As an investor it is important to read about the companies you invest in.
This includes a company’s financial statements, annual reports along with the stock’s performance report.
Among several financial ratios, you may have come across the TIE Ratio or Times Interest Earned Ratio also known as the Interest Coverage Ratio.
This article will teach you everything you need to know about the times interest earned ratio, including how to calculate it and the right way to interpret it.
What is the Times Interest Earned Ratio?
The Times Interest Earned Ratio or Interest Coverage Ratio is a measure of a company’s ability to fulfill its debt obligations based on its current income.It is calculated by dividing the income before interest and taxes by the interest expense.
Times Interest Earned Ratio = Income before Interest and Taxes or EBITInterest Expense
Simply put, the larger the ratio, the more likely a company can make its interest payments. If the TIE is less than 1.0, the firm cannot meet its total interest expense on its debt.
Example of Times Interest Earned Ratio
Would you lend money to someone who has a history of never returning your money or someone who makes regular payments following the terms of the agreement? Let us explore how the TIE ratio can help assess a company’s credit risk.
ABC Company wishes to borrow some money from the bank. As part of the application process, the bank wishes to see the company’s financial statements to assess if the company is a good borrower or a bad borrower. Creditors will always assess the likelihood that the borrower will be able to repay their loans.
After assessing the financial statements, the following details are revealed about the company:
Annual income before interest and taxes = $1,000,000Overall annual interest expense = $200,000
Thus, TIE = 1,000,000 / 200,000 = 5 times
ABC has a TIE of 5 which means the company’s income is 5 times greater than its annual interest expense. This would allow the bank to categorize ABC company as a low risk borrower and lend money as the company is able to cover additional interest expenses on new borrowings.
Understanding Times Interest Earned Ratio as an Investor
Now that you have gained some clarity about the interest coverage ratio and how to calculate it, let us dive deeper and ask the bigger question:
How does the TIE help you choose an investment?
Similar to the loan example discussed earlier, the TIE ratio is utilized as a solvency ratio by investors in determining a company’s future. A higher TIE is considered favorable since the company presents low risk in terms of solvency. A low TIE ratio, however, is considered high risk and shows a greater likelihood of bankruptcy or default, thereby deeming it financially unstable.
Let us compare the above ABC company with another firm (XYZ) to better understand how TIE can help you select your investments.
To reiterate, TIE for ABC company is 5
XYZ Annual income before interest and taxes = $1,000,000XYZ overall annual interest expense = $500,000
TIE for XYZ = 1,000,000 / 500,000 = 2 times
As you can see, the interest coverage ratio for XYZ is lower than ABC, making ABC a more favorable choice.Before you start making your investment decisions based on this ratio alone, read on.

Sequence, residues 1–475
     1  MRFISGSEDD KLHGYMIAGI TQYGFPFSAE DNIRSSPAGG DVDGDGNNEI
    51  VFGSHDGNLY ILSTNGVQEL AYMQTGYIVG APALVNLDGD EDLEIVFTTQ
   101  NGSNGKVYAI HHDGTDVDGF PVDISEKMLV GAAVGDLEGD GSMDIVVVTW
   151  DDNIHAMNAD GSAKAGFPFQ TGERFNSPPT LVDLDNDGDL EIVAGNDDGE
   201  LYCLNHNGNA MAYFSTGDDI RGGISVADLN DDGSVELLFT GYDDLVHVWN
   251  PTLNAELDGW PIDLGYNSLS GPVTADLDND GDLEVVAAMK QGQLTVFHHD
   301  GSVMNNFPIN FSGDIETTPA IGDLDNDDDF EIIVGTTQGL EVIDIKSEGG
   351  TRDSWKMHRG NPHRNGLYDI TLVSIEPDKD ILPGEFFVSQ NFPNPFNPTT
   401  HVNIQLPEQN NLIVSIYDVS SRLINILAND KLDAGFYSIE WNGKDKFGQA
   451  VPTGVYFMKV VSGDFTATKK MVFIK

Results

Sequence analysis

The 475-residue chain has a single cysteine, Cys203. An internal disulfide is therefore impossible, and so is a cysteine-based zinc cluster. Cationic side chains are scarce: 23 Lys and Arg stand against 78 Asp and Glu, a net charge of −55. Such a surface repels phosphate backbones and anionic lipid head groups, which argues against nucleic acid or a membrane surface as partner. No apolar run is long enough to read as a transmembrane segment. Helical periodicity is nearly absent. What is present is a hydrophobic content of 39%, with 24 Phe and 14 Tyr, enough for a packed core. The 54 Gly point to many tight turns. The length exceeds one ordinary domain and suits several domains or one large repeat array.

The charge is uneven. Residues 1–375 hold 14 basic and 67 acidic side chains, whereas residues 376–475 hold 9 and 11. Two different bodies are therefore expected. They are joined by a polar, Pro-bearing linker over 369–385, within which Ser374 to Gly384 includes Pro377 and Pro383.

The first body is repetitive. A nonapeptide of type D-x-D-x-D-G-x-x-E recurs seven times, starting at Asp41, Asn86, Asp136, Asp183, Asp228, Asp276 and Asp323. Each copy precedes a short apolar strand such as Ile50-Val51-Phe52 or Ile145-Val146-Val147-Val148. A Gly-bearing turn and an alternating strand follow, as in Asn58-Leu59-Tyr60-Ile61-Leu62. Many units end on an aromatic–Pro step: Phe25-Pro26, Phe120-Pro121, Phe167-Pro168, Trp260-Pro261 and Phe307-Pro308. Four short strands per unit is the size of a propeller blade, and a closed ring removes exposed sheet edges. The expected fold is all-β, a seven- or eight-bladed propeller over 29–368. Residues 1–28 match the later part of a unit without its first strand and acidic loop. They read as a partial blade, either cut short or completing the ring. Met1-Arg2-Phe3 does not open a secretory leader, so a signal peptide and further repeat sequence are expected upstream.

Is a high Times Interest Earned Ratio always favorable?
While a high TIE ratio certainly helps in understanding a company’s ability to repay its debts, it does not necessarily mean the company is managing its debt repayments in the most efficient way. A TIE ratio far above the industry average can point to misappropriation of earnings. This would mean that the company is not utilizing its earnings towards reinvestment, expansion or new projects but rather paying down debt vigorously.
Therefore, using the TIE ratio as the only measure in choosing your investments would not be wise. There are several aspects that must be considered before making your investment decision apart from determining a company’s solvency.
- Stay up to date about the company’s current projects and any forthcoming projects
- Review a company’s financials regularly through quarterly results and annual reports
- While TIE ratio can help understand a company’s solvency, understand other aspects and ratios of the company through their balance sheet and income statement
- Compare the company’s financials with its competitors and if its performance is in line with the industry average
- Is the company showing consistency in earnings? If yes, it is less likely for it to default
Drawbacks of Times Interest Earned Ratio
- EBIT: In calculating the TIE ratio, the earnings before interest and taxes may not necessarily represent the cash generated by the company. This could result in the TIE being high but the company not really having actual cash to pay the interest expense. Conversely, it could also result in a low TIE even when the company may have a lot of cash.
- Interest Expense: The interest expense used in the calculation of TIE can include discounts or premium on the sale of bonds. This could result in an inaccurate estimation of the interest expense and in such cases, it might be better to refer to the interest rate referred to on the individual loans.
- Principal: The TIE ratio does not account for the total loan taken, the principal amount, but only calculates for the interest on top of it. The principal amount can be huge, which could lead the company to bankruptcy or force the company to refinance at a higher rate.
The Times Interest Earned Ratio can be a great indicator in determining a company’s credit risk profile, but it cannot be used as a sole indicator for making investment decisions.
Make sure you do your due diligence prior to making any decision.